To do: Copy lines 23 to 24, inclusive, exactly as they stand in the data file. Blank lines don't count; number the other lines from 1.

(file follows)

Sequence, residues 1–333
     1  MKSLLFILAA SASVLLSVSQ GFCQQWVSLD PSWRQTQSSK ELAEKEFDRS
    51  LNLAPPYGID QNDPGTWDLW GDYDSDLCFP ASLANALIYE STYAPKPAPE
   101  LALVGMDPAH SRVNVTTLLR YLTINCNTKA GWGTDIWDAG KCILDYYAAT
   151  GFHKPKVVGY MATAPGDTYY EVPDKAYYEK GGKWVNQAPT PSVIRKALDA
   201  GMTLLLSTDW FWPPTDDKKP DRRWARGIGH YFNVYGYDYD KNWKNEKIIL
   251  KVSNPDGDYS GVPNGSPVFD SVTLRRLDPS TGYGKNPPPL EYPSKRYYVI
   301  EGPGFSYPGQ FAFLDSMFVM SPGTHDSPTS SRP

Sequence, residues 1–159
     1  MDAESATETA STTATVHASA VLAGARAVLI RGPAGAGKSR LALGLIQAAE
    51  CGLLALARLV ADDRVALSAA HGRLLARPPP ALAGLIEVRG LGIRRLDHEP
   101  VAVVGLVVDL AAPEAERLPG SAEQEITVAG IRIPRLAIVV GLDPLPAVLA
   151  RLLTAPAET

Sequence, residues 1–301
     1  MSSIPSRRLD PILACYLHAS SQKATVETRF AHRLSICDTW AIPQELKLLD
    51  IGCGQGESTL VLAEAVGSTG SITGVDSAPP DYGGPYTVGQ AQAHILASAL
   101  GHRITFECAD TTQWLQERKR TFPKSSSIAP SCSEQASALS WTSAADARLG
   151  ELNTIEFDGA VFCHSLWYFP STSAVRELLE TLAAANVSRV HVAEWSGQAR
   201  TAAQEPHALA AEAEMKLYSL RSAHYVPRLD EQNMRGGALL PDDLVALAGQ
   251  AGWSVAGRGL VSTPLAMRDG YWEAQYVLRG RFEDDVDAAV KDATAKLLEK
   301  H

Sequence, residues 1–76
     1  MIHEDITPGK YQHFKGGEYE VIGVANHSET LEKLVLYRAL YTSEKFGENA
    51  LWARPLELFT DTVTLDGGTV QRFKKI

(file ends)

     1  MIHEDITPGK YQHFKGGEYE VIGVANHSET LEKLVLYRAL YTSEKFGENA
    51  LWARPLELFT DTVTLDGGTV QRFKKI